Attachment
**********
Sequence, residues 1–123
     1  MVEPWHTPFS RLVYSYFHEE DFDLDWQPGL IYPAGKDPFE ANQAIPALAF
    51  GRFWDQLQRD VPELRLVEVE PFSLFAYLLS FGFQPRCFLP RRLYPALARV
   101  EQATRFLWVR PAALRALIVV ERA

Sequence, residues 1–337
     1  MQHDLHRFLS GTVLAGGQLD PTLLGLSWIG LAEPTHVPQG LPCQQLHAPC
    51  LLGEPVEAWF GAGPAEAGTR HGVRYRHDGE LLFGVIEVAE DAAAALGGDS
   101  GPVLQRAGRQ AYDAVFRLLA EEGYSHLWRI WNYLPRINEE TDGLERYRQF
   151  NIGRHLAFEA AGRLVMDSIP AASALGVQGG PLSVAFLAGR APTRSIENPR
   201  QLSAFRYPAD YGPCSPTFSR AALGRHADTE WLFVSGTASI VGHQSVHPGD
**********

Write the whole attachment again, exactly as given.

Sequence, residues 1–123
     1  MVEPWHTPFS RLVYSYFHEE DFDLDWQPGL IYPAGKDPFE ANQAIPALAF
    51  GRFWDQLQRD VPELRLVEVE PFSLFAYLLS FGFQPRCFLP RRLYPALARV
   101  EQATRFLWVR PAALRALIVV ERA

Sequence, residues 1–337
     1  MQHDLHRFLS GTVLAGGQLD PTLLGLSWIG LAEPTHVPQG LPCQQLHAPC
    51  LLGEPVEAWF GAGPAEAGTR HGVRYRHDGE LLFGVIEVAE DAAAALGGDS
   101  GPVLQRAGRQ AYDAVFRLLA EEGYSHLWRI WNYLPRINEE TDGLERYRQF
   151  NIGRHLAFEA AGRLVMDSIP AASALGVQGG PLSVAFLAGR APTRSIENPR
   201  QLSAFRYPAD YGPCSPTFSR AALGRHADTE WLFVSGTASI VGHQSVHPGD